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4 min read

Gearing Toward Increased Versatility in the Construction Industry

Versatility in the Construction Industry
Versatility in the Construction Industry

4 min read

Gearing Toward Increased Versatility in the Construction Industry

Gearing Toward Increased Versatility in the Construction Industry

Versatility is the cornerstone of the ongoing revolution unfolding in the construction industry. However, is this new approach to organizing worksites the answer to challenges surrounding an already strained industry? Opinions are divided.

What is the definition of versatility as per Bill 51?

Versatility in the Construction Industry

By introducing the idea of versatility in Bill 51, the Legault government knew they were walking on eggshells. This was exposed after reading the principle of versatility as described by the proposed legislation submitted to the parliament. 

As a matter of fact, based on the explanatory notes, the legislation drafters made a point to highlight that the principle of versatility has its limits:

This legislation “(...) introduces into that Regulation the conditions allowing for the implementation of the principle of versatility, while explicitly specifying the work and trades to which such versatility may not apply.”

Therefore, to adhere to the principle of versatility, the new tasks assigned to workers must meet the following three cumulative conditions: 

  1. Be related to the journeyperson’s primary trade

  2. Align with the same workflow (including prep and finish) 

  3. Be of short term (not an entire work day)

Journeypersons for which versatility doesn’t apply:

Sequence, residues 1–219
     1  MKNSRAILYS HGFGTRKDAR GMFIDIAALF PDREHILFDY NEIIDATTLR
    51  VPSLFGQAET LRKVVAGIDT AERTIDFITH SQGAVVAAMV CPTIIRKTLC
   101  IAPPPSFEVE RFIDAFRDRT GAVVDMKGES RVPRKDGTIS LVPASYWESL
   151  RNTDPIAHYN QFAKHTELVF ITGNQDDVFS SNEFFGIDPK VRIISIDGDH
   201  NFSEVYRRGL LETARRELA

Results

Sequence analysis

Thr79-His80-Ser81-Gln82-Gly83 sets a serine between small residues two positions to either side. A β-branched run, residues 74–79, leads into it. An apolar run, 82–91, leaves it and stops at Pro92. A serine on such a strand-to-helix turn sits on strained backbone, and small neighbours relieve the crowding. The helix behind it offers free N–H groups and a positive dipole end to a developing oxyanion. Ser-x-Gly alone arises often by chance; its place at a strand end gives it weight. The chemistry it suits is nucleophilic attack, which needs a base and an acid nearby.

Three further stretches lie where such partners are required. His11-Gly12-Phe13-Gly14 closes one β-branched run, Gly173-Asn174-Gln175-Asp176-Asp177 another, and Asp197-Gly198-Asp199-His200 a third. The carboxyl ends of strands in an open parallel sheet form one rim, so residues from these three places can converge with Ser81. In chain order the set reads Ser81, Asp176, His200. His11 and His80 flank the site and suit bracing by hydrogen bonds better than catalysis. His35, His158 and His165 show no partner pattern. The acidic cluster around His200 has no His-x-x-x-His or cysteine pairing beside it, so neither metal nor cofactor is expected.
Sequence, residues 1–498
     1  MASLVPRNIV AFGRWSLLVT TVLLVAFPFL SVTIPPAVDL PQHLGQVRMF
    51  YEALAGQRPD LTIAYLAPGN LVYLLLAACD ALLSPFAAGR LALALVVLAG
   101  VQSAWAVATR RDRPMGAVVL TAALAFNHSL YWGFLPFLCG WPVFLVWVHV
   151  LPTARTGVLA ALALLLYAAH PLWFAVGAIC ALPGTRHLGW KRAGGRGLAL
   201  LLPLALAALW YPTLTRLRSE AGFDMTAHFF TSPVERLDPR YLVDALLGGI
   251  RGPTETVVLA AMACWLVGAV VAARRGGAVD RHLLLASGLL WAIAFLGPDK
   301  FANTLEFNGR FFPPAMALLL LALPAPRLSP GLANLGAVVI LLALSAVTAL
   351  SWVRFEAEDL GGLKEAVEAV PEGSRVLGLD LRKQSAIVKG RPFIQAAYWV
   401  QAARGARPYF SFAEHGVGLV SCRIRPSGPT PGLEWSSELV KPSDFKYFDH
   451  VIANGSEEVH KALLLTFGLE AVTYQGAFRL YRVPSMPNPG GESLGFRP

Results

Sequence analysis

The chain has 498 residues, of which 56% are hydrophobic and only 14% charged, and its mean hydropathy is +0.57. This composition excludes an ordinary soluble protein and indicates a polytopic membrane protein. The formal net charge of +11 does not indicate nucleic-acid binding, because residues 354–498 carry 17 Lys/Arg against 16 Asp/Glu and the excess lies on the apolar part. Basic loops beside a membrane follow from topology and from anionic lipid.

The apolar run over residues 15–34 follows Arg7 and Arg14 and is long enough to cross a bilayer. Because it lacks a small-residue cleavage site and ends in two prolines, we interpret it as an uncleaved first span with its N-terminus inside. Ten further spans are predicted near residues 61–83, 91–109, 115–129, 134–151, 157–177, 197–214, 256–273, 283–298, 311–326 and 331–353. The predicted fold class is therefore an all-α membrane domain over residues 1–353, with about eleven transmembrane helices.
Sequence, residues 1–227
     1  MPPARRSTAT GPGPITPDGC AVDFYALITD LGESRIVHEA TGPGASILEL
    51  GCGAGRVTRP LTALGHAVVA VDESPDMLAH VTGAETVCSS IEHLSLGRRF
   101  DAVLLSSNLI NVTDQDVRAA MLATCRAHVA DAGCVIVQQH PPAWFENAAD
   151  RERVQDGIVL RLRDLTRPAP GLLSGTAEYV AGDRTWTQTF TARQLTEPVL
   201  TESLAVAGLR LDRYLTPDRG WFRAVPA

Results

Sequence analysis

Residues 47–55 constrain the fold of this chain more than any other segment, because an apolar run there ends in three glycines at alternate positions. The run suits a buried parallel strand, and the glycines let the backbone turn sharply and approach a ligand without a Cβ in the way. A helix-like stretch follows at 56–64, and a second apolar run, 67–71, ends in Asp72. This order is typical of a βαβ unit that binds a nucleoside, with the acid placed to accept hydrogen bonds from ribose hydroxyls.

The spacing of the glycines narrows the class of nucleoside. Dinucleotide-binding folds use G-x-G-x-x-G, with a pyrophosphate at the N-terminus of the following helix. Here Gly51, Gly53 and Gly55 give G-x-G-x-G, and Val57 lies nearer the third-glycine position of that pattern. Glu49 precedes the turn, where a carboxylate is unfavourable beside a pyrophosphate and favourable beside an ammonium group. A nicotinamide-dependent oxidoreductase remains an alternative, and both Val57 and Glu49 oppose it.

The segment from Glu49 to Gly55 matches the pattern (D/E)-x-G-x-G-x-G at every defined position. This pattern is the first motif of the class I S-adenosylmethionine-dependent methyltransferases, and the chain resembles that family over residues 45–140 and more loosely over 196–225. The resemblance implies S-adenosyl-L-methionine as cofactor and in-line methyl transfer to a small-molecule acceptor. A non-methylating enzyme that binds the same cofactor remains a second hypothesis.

• Structural workers

  • Crane operators

  • Electricians

  • Pipefitters 

  • Sprinkler fitters

  • Refrigerationists

  • Elevator mechanics 

Naturally, this raises the question of safety, for both workers and citizens, of newly constructed buildings under the principle of versatility.

How is the industry reacting?

Versatility in the Construction Industry

Employer vs. Employee: Opposing Views

For a while now, contractors have been requesting more versatility on worksites and greater labour mobility.

To narrow it down, the Association de la construction du Québec (ACQ) identified what they believed to be the root causes of Quebec's productivity deficit:  

  • Lack of labour mobility

  • Training conditions

  • Lack of versatility 

The only issue is that identifying these causes appears to be specific to that of company CEOs. However, the construction industry’s Centrale des syndicats démocractiques (CSD) admitted, via their president, Carl Dufour, that they have a differing opinion. 

According to the CSD, labour versatility and mobility concepts go against the already difficult working conditions facing industry workers. The latter is better represented by numbers: 

  • 56% of women leave the industry after 5 years

  • 35% of men leave the industry after 5 years

Yet, according to employers, the causes are different from those detailed: